Today’s Austin Statesman has an interesting, if not predictable article about California investors being disproportionately represented in Austin area foreclosures. We’ve participated in several sales by California investors (not ones that we sold to though) bailing out, some of which were short sales or pre-foreclosures.
As the Austin real estate market rebounded at the end of 2005 and through 2006 and the first part of 2007, Sylvia and I were deluged with calls from investor prospects, mostly from California, wanting to invest in Austin real estate. We were careful in screening those buyers. We never departed from our philosophy of sticking “closer in” rather than chasing better cash flow to the outskirts. As stated on the Investing in Austin page of our website;
Our approach to investing seeks to do more than simply help you buy or sell a rental property in Austin. We have some specific ideas and values about the manner in which real estate investing should be approached, and the effects it can have on neighborhoods and the greater Austin Community. If you agree with our viewpoint, we want you to consider working with us.
Mainly, we do not wish to participate in the mass caravan buying approach that other real estate agents have implemented in Austin in recent years. We don’t think riding in a bus full of other investors out to a new home neighborhood where you buy what your “real estate investing club” tells you to buy is very smart. This approach results in the overselling of homes in many of the new subdivisions around Austin. Especially in the “starter home” areas that young families and first time buyers can afford.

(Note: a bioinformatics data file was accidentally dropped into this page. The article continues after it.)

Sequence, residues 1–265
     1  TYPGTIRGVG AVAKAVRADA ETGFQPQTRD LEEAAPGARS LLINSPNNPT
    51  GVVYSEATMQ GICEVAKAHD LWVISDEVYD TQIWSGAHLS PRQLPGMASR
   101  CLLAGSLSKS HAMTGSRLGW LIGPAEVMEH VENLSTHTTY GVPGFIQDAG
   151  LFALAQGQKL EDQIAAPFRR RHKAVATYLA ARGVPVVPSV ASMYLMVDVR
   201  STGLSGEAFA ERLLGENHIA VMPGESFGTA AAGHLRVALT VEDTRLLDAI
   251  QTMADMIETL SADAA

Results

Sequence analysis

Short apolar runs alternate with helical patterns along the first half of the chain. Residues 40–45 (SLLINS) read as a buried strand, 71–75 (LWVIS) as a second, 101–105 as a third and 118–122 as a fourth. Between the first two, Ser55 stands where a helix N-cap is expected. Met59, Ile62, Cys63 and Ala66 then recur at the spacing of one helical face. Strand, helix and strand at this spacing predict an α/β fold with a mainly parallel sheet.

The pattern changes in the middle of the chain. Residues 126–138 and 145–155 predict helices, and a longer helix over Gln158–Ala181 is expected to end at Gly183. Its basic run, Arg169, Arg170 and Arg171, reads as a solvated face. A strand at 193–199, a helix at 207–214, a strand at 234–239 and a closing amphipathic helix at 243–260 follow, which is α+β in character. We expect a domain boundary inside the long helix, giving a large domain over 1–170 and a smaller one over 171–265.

We think you should spend a little more money and buy a better home in an area that less enlighten, short-sighted investors stay away from. Or consider purchasing your investment property in a mature and established neighborhood. While other investors are looking for the cheapest homes with the best cash flow, you should be looking at the neighborhoods with better appreciation potential, where the homes are well cared for, or the area is undergoing a renewal.
The above is verbatim what we’ve told investor since 2005 when we started working heavily with real estate investors buying in Austin.
How did we do?
Were we right in holding this viewpoint?
This philosophy of ours eliminated a lot of potential clients who would have been easy sales for cheap homes in Pflugerville, Round Rock, Hutto, Kyle, etc. We left a lot of potential sales and commissions on the table by turning away misguided buyers who wouldn’t agree with us on where they should buy rental property in Austin.
What happened to those investors who disagreed with our long term approach and found other Realtors to work with? Let’s look at an example quote from the Statesman article:
Maricel Ruzol, a Las Vegas registered nurse, took one of the tours in 2005 and bought an 1,800-square-foot ranch home in Pioneer Crossing, a Round Rock subdivision. She put 5 percent down and got two mortgages — both at subprime rates — for $151,600.
But it was harder than she had expected to find tenants, and the property taxes, much higher than in Nevada, shocked her. When a renter’s washing machine malfunctioned, causing water damage, Ruzol said, she could not afford the repairs.
Even after getting a second job, “I can’t afford to pay the mortgage anymore,” she said. “Those houses were nice, and they were really cheap, but they didn’t explain the property taxes to us. And they are too much.” The bank foreclosed on the home this month.